The Nords know SNOW!
It is slightly strange that one of the most popular and memorable Christmas songs “White Christmas” was written in the USA when a huge part of this country has no idea what snow really is.
However in Finland and other Nordic countries snow is pretty much essential part of Christmas and Christmas cards, gift wrappings and ornaments are in many ways honoring that.
It is not unusual for kids to get snow-related Christmas presents. Sleighs, skates, skis, sliders just vanish from the stores come December, for everyone wants the coolest one of course. The letters to Santa… oh Santa, yeah… that is a story of it’s own… yeah, the letters to Santa are usually very carefully written and include most snow-related fun stuff you can ever imagine.
All the American kids are told that Santa lives at the North Pole. He has his own train and everything. Unfortunately, the stories have been quite misleading. How do I know? Because I have MET Santa himself! Honestly! I have! In Rovaniemi, Finland. Right at the Arctic Circle in Santa Park! That is where Santa Claus lives now. Of course he was born in a different place, a Fjell called “Korvatunturi”, which basically means “Ear Fjell”… odd names they come up with. The story of how Santa Claus was born has been made into a Finnish movie. Check it out! It is truly worth watching.
The strangest thing about Santa Claus in Finland is, that he visits the families and you actually get to meet him! No chimneys for this chubby old red-hood! He walks in, sings a few Christmas songs with the family, gives the presents and then he leaves, saying “We’ll meet again next Christmas!”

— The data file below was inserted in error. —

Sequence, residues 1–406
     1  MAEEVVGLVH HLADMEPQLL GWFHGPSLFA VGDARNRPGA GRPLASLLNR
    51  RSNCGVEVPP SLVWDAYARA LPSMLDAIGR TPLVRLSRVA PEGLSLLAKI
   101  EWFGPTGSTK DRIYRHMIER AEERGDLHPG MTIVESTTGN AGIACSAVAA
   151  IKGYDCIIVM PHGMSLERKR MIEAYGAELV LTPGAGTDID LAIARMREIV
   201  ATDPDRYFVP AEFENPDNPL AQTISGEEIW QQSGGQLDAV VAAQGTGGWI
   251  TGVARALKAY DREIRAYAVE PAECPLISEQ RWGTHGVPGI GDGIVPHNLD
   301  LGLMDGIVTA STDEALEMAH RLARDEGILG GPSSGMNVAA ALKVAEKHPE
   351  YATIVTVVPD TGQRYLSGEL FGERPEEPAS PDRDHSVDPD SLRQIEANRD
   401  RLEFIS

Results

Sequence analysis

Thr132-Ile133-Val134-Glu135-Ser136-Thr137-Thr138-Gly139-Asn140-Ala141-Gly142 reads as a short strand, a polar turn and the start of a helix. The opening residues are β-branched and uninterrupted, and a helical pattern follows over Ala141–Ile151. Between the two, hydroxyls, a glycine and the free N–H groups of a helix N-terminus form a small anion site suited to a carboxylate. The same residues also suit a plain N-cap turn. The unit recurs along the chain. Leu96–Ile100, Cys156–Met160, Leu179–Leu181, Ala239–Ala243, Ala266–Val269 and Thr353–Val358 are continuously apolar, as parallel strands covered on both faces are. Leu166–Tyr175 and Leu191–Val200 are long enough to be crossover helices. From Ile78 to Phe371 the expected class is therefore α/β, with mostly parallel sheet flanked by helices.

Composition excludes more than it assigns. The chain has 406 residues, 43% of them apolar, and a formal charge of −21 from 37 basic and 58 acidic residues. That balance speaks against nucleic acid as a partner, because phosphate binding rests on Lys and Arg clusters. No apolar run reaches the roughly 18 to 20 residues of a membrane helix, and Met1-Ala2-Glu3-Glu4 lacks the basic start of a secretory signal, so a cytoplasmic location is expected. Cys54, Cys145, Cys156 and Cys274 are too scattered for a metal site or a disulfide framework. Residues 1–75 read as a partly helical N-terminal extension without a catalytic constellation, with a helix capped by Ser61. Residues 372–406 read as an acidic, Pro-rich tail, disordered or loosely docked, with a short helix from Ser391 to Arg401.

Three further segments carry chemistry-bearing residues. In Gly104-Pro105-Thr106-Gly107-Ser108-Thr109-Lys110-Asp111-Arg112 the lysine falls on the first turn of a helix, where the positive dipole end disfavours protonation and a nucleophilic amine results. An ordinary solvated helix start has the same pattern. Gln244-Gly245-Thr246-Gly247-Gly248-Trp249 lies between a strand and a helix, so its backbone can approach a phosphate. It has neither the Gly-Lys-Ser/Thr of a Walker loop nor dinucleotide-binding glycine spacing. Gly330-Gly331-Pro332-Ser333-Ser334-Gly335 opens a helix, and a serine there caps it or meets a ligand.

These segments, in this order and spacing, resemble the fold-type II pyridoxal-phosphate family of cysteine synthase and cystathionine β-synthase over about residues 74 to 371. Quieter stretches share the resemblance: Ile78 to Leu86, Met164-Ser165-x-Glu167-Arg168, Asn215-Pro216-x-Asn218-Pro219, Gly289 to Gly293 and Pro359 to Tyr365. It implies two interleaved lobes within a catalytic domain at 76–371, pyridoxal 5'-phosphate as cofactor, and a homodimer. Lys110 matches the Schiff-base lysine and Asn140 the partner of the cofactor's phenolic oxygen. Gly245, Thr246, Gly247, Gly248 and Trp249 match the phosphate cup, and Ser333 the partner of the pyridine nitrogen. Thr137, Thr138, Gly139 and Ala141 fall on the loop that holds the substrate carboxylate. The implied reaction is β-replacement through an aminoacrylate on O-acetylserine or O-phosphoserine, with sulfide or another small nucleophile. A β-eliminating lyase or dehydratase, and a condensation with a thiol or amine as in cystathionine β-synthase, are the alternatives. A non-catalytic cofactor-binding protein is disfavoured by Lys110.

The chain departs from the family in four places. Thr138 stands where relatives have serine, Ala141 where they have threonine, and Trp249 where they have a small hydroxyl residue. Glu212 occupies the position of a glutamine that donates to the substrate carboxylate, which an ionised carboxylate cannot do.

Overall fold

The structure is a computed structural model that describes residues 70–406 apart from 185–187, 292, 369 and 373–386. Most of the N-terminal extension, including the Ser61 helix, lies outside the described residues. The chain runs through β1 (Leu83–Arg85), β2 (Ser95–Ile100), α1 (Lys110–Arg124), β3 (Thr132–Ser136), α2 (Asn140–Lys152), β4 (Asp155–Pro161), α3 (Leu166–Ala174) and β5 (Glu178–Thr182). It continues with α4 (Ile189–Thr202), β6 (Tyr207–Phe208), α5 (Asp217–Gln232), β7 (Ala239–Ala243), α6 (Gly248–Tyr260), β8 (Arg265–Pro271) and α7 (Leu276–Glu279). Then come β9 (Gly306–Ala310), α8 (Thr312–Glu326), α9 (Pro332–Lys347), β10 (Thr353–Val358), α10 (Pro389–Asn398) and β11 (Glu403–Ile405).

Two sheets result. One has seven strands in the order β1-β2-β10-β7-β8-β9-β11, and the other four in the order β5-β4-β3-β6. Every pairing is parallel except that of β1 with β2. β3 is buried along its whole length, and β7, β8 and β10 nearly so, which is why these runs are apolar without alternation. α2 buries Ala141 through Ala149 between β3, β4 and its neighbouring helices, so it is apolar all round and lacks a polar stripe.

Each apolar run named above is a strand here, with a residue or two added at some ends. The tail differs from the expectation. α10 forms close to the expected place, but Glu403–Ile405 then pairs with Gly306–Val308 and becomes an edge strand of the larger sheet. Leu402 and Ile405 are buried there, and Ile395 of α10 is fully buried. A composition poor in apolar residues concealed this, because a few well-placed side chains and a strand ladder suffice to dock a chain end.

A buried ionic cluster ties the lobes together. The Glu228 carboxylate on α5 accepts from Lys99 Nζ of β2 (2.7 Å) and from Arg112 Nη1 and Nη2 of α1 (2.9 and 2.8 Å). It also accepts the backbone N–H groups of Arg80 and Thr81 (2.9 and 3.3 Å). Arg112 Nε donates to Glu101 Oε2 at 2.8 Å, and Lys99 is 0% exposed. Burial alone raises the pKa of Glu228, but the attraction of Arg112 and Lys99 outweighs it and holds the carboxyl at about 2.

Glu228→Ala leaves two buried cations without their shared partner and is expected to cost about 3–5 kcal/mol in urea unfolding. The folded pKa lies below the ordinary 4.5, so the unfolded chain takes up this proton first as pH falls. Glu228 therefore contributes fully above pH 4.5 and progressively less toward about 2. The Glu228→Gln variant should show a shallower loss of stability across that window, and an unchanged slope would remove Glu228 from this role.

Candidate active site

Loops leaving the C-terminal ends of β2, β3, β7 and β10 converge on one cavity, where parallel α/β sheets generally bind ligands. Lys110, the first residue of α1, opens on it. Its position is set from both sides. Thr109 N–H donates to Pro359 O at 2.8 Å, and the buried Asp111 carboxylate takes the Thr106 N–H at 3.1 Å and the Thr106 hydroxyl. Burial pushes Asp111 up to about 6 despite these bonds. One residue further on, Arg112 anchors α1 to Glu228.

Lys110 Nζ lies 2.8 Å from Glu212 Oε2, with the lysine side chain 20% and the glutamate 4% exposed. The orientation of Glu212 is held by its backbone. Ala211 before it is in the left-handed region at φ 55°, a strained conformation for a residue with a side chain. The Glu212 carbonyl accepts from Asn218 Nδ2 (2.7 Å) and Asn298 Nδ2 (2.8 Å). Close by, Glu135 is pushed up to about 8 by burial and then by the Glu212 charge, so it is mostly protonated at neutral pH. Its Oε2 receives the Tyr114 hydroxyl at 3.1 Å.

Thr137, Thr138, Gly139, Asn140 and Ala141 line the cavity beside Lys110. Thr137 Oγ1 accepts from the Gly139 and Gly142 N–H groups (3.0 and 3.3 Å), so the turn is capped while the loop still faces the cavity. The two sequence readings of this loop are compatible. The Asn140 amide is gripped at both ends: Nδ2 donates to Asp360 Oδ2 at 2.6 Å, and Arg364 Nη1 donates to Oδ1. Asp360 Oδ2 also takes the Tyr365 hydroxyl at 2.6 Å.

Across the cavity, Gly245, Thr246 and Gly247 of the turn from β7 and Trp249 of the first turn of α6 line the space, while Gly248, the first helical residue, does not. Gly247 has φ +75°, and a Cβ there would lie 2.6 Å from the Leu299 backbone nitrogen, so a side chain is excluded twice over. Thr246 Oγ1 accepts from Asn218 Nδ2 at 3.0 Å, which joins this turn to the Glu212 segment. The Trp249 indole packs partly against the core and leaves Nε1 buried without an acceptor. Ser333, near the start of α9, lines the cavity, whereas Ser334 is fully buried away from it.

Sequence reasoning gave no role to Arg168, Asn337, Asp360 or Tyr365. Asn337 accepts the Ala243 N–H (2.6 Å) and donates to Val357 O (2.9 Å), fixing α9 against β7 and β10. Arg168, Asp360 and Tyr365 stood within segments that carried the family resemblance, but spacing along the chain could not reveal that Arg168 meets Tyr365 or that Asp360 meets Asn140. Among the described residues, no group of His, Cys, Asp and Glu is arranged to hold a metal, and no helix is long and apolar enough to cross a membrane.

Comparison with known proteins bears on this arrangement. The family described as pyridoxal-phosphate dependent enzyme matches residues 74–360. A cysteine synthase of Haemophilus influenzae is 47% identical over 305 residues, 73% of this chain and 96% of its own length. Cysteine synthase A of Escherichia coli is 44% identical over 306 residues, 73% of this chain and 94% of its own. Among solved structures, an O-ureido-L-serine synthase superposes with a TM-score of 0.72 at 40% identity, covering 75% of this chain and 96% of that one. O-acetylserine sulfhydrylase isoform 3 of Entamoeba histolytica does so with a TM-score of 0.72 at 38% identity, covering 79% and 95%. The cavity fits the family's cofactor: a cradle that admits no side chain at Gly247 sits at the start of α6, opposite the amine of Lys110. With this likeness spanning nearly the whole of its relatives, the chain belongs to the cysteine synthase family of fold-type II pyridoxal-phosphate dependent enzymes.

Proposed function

Finnish Christmas Delicacies!
The word “delicacies” is a bit misleading there, at least that is what it feels like at first when you first sit down to enjoy a traditional Finnish Christmas meal. Firstly, it is served on the Christmas Eve, which by every scale is the most important day of the Holiday Season to the Finns. The meat of the meal is pork, the ham is prepared with almost religious tradition, and the pork / ham is the main topic of discussion for a long time after Christmas. The meat jelly, also known as head cheese is often served and then we go to the casseroles. Carrot casserole, rutabaga casserole, mashed potatoes casserole and liver casserole. You thought the casseroles would be vegetables only! Ha! The Finns actually serve liver casserole at Christmas dinner. We must not forget the fish! There is prickled raw fish, herring prepared in different ways and lutefisk. Finns also like rosolli salad which is made of beetroot, potatoes, carrot and onion. The recipe differs based on areas of Finland. Some also put anchovy in the rosolli salad and most areas prefer to use boiled eggs as decorative feature. The Rosolli Salad is served with a mix of whipped cream and vinegar.
Many families have their own traditions that are carried out through generations. White cheese made of eggs and milk, liver paste, pickled onions and so on. Many dishes depend on which part of Finland the family members are originally from. Karelian families have Karelian pies, whereas Lapland families often serve reindeer meat.
Finns have Christmas Trees too!
The Christmas traditions do not differ so much from the American ways. Finns have a Christmas Tree, they sing Christmas songs, and the main thing is to be together with people they love and care for and yes, I guess the presents are kind of important too – Especially to the children!